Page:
One of the most important things we do as leaders is to help align teams around attaining a strategic goal or goals. Lots of leaders struggle with this, mostly because they are opaque about what is in their head, hoping the team figures it out. The best approach is to get explicit about where you want to go and give the team a chance to buy in and really own the goals.
Here is a basic three-step construct of how to do that.
1. Get Clarity
The first step in building alignment is to get clarity about the goal you're trying to chase. Maybe it's increasing profit by X percent, or opening up a new market, or even launching a new product by a certain date. The important thing it to get the entire team bought in to pursuing that goal. Otherwise, you won't get the alignment you're looking for. As Jack Stack, the open-book management guru, puts, it: "People support what they help create."
In other words, great leaders will bring the goal -- even if it isn't completely fleshed out -- to their team and then ask them for their input and feedback. Tell them to beat it up -- and come up with a goal that gets them excited. Authenticity is critical here, because your team will immediately sense if you are sincere about getting input and letting them intelligently modify the targets.
As an entrepreneur, this might seem incredibly painful and slow. Why can't you just tell everyone what to do, right? Well, if you skip this step, people will just nod their head at your order and then act passively to avoid doing it. They aren't committed to the goal, so they will resist achieving it.
If you take the time up front to define the goal with them, in a way in which they buy into it, you will create great alignment in getting the team headed in the same direction because now it's their plan. They are now far less likely to criticize the goal because they've had the chance to voice their concerns.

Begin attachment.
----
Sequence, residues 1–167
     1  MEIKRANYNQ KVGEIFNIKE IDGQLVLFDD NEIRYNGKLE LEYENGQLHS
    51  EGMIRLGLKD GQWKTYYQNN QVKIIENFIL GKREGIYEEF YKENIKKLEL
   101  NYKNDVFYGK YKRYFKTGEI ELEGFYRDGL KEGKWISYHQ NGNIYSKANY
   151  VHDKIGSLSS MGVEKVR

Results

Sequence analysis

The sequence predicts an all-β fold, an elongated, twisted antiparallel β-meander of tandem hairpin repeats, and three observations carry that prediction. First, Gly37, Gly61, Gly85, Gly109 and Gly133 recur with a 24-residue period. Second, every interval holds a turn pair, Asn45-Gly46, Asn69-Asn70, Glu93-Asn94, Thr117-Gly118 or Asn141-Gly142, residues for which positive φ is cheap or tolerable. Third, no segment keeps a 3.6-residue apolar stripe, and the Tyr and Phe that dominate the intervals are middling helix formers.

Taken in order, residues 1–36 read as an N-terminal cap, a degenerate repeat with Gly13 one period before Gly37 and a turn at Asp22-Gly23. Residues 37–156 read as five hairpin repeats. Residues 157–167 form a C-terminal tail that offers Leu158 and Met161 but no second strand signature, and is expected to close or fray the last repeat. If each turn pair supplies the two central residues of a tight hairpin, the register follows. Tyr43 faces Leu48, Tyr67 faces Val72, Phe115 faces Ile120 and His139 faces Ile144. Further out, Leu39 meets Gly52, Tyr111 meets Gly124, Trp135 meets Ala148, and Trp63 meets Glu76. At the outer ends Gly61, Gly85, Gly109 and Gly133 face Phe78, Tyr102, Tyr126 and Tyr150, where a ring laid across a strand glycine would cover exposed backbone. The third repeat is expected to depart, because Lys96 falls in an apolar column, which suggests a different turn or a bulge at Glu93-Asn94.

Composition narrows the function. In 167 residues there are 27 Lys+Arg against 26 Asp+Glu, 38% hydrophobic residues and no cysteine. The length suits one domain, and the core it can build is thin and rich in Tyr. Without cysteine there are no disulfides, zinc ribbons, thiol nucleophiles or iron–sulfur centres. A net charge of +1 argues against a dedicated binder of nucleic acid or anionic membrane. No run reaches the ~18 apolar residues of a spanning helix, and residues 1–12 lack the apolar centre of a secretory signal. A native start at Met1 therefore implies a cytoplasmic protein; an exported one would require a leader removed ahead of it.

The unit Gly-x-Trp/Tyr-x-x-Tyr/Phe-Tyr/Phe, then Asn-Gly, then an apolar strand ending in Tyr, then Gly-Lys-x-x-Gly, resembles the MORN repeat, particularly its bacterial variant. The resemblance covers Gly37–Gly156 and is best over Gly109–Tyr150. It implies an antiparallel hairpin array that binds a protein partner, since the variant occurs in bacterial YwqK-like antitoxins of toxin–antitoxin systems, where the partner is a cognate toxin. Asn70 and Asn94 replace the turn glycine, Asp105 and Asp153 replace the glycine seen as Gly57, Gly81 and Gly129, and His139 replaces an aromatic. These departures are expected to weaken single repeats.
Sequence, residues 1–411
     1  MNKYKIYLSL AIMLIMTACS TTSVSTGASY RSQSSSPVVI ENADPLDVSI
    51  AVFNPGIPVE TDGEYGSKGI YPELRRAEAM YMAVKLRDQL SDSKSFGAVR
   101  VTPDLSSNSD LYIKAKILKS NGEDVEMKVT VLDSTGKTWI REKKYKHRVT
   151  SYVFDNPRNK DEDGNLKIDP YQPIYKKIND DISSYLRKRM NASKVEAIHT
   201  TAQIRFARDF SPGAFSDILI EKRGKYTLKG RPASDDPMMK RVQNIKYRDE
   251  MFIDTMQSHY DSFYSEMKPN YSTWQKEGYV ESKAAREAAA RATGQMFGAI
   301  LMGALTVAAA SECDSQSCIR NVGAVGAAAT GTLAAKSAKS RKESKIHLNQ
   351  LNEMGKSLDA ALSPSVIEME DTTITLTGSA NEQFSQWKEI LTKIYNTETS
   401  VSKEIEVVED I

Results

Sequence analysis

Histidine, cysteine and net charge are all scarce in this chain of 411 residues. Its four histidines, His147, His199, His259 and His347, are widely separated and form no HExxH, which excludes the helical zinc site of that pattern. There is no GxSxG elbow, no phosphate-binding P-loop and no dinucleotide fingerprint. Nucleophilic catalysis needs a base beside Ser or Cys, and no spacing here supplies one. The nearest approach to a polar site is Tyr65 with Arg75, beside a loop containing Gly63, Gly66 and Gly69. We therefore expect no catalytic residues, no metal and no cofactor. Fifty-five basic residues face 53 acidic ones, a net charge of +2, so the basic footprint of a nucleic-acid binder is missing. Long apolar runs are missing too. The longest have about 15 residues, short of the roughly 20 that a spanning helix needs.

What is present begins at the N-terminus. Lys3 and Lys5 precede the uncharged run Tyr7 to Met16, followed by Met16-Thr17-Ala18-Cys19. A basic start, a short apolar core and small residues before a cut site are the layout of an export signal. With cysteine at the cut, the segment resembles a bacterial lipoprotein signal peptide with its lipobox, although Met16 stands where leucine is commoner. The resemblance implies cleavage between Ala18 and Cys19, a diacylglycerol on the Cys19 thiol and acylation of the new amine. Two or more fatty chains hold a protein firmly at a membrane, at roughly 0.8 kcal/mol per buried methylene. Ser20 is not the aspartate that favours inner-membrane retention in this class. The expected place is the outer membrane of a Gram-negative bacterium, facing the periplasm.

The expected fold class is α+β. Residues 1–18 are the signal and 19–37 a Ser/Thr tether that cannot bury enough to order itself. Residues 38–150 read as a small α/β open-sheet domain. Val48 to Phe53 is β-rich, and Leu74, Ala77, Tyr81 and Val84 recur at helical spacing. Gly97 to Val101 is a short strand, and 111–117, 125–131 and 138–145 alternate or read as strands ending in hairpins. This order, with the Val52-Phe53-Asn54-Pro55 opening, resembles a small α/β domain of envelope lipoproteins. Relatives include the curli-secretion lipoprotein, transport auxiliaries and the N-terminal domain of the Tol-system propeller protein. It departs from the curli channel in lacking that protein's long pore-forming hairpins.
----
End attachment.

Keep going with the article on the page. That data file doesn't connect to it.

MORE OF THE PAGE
Another concern an entrepreneur might have is that the team might change the direction of the goal. But here again, you need to check yourself and trust that the team you have in place will make the best decisions possible given all the data that will conform pretty closely to what you wanted in the first place.
2. Define the How
Once you have clarity on where you're going, you need to get the team aligned on how they will get there. This is again a great opportunity to present your team with something like 50 percent of an action plan and then let them modify and revise it until they can stand behind it. It can be amazing to see how a team, using their local knowledge and experience, can help make an operational plan far better. We all think we know what's going on in our organizations and the markets as leaders -- we don't. Your goal as the leader should be to encourage a lot of back-and-forth in the discussion of the plan as a way to get broad buy in and engagement to executing on it.
3. Measure the Results
The final step in building alignment is to get the team to agree on how they will measure the progress they've made in arriving at the goal. Yet again, this is an opportunity for you to turn this into a conversation by asking a question instead of providing the answer. You might do this by asking something like: "How are we going to measure ourselves to know that we are going in the right direction?" By turning it into a question, and getting the team to provide the answer, you've eliminated any debate or confusion about how the team will measure their results.
Pro Tip: After you've agreed on how you will measure the results, ask for a volunteer from the team to do the measuring instead of you. That way, you can react to the results just like the rest of the team rather than being the scorekeeper, judge, and jury after each report comes out.
So, if you're struggling to build alignment inside your team in pursuing a goal, slow things down and work from the bottom up instead of the top down. By doing that, and getting the team to clarify their goals, choose their methodology, and measure their results, you're creating incredible synergy and alignment that will propel your entire organization forward -- together.
You can find Jim Schleckser at www.IncCEOProject.com.